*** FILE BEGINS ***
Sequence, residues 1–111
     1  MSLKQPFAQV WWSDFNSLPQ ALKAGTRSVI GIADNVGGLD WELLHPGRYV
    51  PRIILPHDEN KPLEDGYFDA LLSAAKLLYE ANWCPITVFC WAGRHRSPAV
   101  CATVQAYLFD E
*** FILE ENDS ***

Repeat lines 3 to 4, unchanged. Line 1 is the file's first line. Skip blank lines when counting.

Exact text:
    51  PRIILPHDEN KPLEDGYFDA LLSAAKLLYE ANWCPITVFC WAGRHRSPAV
   101  CATVQAYLFD E